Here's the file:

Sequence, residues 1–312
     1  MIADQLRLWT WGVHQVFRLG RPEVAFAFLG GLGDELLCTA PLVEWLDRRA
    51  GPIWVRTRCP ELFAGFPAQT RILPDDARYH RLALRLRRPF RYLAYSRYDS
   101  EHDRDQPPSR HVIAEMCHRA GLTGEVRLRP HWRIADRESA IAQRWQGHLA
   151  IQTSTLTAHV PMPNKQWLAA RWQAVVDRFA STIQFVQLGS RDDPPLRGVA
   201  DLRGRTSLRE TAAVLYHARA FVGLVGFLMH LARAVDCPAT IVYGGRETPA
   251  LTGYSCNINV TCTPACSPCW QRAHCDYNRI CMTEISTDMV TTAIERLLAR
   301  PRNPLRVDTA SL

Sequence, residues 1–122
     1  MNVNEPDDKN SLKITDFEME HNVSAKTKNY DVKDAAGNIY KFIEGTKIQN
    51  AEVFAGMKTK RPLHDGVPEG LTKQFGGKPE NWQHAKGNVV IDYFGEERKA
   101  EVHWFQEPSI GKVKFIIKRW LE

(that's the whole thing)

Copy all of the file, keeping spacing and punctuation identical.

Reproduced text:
Sequence, residues 1–312
     1  MIADQLRLWT WGVHQVFRLG RPEVAFAFLG GLGDELLCTA PLVEWLDRRA
    51  GPIWVRTRCP ELFAGFPAQT RILPDDARYH RLALRLRRPF RYLAYSRYDS
   101  EHDRDQPPSR HVIAEMCHRA GLTGEVRLRP HWRIADRESA IAQRWQGHLA
   151  IQTSTLTAHV PMPNKQWLAA RWQAVVDRFA STIQFVQLGS RDDPPLRGVA
   201  DLRGRTSLRE TAAVLYHARA FVGLVGFLMH LARAVDCPAT IVYGGRETPA
   251  LTGYSCNINV TCTPACSPCW QRAHCDYNRI CMTEISTDMV TTAIERLLAR
   301  PRNPLRVDTA SL

Sequence, residues 1–122
     1  MNVNEPDDKN SLKITDFEME HNVSAKTKNY DVKDAAGNIY KFIEGTKIQN
    51  AEVFAGMKTK RPLHDGVPEG LTKQFGGKPE NWQHAKGNVV IDYFGEERKA
   101  EVHWFQEPSI GKVKFIIKRW LE